By Charles King, Pund-IT, Inc. October 10, 2017
Hang around the IT industry long enough and you notice that rumors of the impending demise of some product or class of products are always making the rounds. Sometimes they’re honest opinions expressed by canny industry-watchers. More often they reflect the hopes of desperate vendors trying to poke holes in competitors’ cash cows and/or businesses.
Most importantly, they’re generally wrong.
Why do I say that? Because if you examine the evidence, you find that technologies tend to die for one of two reasons. The first are vendor-led extinctions where a vendor decides to pull the plug on a given technology (or the market pulls the plug on the vendor). For example, HP’s 2000 acquisition of Compaq and its subsequent adoption of Intel’s Itanium CPUs resulted in the company killing its own HP-UX chips, as well as Compaq’s Alpha and Tandem silicon.
Technologies also die when they fail to keep pace with alternatives or lose the faith of core customers. Data storage technologies provide a rich smorgasbord of examples, including the appearance/disappearance of 8-inch, 5¼-inch and 3 ½-inch floppy disks, and Iomega’s Zip and Jaz drives, all of which were driven under by decreasingly costly/increasingly popular HDD and CD/RW technologies.
Which brings us to tape storage, particularly data center-focused tape technologies. Those have been under a death-watch since 2002 when EMC introduced its Centera platform, the industry’s first HDD-based solution for data archiving, long a tape bastion. More to the point, despite surviving well beyond competitors’ hopes and expectations, tape storage also continues to evolve as evidenced by the new generation LTO-8 offerings just announced by IBM.
IBM LTO’s secret? Satisfy old and new customers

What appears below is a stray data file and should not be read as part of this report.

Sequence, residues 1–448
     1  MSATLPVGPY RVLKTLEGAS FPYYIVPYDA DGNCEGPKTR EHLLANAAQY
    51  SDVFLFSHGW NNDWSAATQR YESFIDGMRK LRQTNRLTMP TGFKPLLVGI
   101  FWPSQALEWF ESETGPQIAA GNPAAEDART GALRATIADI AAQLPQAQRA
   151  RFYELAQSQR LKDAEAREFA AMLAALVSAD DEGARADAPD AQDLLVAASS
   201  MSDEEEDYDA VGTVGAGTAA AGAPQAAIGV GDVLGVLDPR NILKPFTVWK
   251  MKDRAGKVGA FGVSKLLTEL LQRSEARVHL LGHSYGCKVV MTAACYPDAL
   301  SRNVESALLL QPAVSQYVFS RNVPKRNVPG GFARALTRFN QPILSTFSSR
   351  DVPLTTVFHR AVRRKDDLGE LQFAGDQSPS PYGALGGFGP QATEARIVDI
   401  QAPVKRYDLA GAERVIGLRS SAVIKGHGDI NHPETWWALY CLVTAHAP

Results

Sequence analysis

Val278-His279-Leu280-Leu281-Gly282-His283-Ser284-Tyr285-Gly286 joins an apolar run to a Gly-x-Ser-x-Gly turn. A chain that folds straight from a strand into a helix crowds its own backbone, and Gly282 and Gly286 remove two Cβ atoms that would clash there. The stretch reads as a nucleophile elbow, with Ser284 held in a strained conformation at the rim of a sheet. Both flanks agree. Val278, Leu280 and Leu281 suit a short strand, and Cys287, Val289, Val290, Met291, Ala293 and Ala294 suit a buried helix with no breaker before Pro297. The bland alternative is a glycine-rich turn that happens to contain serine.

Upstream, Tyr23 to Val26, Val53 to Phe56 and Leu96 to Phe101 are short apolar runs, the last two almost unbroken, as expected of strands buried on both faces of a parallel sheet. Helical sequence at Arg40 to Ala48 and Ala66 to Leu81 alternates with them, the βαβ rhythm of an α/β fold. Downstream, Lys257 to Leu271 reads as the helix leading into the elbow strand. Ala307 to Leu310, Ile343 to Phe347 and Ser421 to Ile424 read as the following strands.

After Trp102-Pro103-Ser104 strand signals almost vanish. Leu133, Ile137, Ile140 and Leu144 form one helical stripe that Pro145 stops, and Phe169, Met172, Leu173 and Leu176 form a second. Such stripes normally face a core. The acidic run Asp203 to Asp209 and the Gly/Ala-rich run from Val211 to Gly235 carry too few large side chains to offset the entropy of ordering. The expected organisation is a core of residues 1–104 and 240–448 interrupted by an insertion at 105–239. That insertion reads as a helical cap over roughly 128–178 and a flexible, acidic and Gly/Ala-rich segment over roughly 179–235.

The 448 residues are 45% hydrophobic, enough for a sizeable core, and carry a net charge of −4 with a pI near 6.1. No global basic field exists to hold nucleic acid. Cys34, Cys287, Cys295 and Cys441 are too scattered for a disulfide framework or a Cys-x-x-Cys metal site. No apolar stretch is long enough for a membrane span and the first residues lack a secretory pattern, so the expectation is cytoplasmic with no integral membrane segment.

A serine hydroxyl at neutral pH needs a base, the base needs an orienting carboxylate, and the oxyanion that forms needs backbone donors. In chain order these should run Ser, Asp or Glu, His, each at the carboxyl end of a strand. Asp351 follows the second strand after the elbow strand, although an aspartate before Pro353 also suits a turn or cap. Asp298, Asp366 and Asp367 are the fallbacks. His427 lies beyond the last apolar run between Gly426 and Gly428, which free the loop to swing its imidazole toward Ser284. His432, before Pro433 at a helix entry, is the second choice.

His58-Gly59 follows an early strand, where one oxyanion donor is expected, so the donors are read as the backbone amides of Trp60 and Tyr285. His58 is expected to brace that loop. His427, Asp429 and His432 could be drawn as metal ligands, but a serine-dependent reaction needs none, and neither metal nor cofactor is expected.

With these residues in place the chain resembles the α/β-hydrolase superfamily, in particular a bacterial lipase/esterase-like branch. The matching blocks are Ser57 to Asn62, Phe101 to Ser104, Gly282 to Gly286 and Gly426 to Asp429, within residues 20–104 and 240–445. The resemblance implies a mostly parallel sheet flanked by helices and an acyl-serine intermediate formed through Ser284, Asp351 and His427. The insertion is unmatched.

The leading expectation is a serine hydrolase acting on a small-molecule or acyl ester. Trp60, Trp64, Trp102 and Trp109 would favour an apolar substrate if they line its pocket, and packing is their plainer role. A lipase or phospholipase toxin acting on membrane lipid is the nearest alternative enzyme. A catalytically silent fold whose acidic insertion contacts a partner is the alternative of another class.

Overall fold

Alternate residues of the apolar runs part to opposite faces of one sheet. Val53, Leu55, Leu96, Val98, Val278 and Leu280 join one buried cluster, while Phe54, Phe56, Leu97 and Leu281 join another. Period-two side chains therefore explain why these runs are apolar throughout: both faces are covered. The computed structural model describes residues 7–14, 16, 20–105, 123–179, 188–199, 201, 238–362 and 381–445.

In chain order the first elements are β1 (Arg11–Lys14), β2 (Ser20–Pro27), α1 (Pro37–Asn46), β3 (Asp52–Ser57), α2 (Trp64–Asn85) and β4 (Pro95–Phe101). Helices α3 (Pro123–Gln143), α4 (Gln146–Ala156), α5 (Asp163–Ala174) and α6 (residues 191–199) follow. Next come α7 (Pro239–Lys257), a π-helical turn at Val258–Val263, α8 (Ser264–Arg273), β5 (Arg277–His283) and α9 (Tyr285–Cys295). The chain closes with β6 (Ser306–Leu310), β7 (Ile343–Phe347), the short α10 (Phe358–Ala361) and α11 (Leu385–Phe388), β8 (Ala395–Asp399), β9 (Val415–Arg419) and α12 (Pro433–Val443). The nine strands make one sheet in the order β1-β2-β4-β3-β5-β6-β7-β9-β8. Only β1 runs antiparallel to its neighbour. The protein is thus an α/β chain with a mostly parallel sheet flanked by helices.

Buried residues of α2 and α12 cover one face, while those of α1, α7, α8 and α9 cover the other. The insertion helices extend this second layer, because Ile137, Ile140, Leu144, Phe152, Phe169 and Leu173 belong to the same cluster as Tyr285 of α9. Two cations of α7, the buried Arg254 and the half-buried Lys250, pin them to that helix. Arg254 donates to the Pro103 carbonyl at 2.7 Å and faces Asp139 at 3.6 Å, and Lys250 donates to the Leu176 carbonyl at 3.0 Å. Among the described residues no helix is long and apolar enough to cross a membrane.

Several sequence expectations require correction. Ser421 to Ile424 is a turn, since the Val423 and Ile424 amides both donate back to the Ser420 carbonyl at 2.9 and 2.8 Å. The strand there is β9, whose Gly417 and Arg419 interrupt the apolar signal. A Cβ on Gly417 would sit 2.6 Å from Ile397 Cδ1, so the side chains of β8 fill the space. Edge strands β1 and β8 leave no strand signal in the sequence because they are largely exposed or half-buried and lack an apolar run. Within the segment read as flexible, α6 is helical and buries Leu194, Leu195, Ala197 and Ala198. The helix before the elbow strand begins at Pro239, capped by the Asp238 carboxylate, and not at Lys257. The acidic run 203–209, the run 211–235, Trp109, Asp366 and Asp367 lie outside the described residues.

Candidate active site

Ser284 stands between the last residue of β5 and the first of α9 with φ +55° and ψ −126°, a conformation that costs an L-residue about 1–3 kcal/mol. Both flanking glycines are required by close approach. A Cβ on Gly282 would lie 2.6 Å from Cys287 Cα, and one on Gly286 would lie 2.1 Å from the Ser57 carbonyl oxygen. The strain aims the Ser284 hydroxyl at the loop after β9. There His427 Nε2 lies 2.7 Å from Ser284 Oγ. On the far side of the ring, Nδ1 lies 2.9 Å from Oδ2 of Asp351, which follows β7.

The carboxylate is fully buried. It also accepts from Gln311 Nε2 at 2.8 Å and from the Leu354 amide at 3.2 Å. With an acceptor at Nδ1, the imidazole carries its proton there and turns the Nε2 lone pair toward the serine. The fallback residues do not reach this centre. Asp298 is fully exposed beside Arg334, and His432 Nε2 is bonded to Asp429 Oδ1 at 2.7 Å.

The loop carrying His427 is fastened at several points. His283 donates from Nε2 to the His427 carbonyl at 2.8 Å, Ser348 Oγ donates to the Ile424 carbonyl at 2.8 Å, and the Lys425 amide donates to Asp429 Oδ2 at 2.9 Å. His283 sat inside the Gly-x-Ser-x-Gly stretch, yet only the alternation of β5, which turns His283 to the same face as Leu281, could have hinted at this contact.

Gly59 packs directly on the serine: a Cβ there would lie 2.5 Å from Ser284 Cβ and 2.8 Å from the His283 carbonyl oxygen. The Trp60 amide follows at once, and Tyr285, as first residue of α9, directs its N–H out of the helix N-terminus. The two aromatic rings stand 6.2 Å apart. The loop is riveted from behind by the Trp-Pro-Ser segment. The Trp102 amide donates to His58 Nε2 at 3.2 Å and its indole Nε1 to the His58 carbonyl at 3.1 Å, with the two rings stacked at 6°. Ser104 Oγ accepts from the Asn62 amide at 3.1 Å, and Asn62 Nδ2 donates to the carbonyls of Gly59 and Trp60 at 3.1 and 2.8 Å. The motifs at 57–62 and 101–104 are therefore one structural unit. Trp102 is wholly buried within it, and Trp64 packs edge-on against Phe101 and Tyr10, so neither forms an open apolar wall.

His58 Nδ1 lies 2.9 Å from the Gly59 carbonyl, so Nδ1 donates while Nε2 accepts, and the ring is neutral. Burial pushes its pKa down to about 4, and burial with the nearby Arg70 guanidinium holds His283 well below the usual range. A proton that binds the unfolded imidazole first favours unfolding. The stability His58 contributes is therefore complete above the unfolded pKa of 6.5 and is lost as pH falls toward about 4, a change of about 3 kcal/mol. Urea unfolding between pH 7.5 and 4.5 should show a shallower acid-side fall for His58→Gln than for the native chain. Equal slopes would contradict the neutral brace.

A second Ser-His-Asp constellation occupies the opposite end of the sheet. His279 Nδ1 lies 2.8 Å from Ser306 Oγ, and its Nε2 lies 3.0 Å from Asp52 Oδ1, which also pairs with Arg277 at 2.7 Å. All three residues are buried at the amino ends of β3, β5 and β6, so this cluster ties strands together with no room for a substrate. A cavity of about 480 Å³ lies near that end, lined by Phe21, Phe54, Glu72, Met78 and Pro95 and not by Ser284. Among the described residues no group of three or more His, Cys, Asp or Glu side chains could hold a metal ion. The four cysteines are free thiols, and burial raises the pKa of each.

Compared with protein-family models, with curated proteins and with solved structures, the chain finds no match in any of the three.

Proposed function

So what exactly is IBM delivering? Its new Linear Tape Open Ultrium 8 Tape drive (LTO-8), which doubles data capacity from previous generation LTO solutions, shortens data access times by 20 percent and drives media costs below the half-cent per GB barrier.
IBM LTO-8 maintains continued support for AME and AES-256 standard encryption, data partitioning and security key management while maintaining compatibility with LTO-7. It will be available in Q4, joining a range of other IBM tape storage solutions that are designed to provide customers advanced data preservation and security, along with enhanced functionality.
What that means in simple English is that along with supporting all the key features of IBM LTO-7, the new LTO-8 offerings are also significantly more capacious, considerably less expensive and can access information faster than previous generation LTO solutions.
These points will all welcomed by IBM tape storage customers, most of whom value LTO’s robust security features and leverage tape systems to support their core enterprise applications. That point opens a window into upcoming innovations, including a recent Tape Storage Council report which estimates that tape data rates are expected to be as much as 5X faster than HDDs by 2025.
Tape storage’s bright future also casts light on why new customers are increasingly adopting these technologies. They include cloud service providers (CSPs) that are using IBM LTO to support long-term archiving of “cold” data, as well as companies implementing tape archives of mobile and social data, and emerging big data analytics and Internet of Things (IoT) applications.
How has IBM achieved all this? First, by providing unwavering support for customers’ key applications. Second, by focusing its LTO investments on critical new workloads, functions and features. Finally, by working closely with other tape storage innovators, including Sony to pursue upcoming generation LTO enhancements.
For a technology that’s supposedly been on life support for 15+ years, tape storage in general and IBM LTO solutions in particular have never looked healthier.
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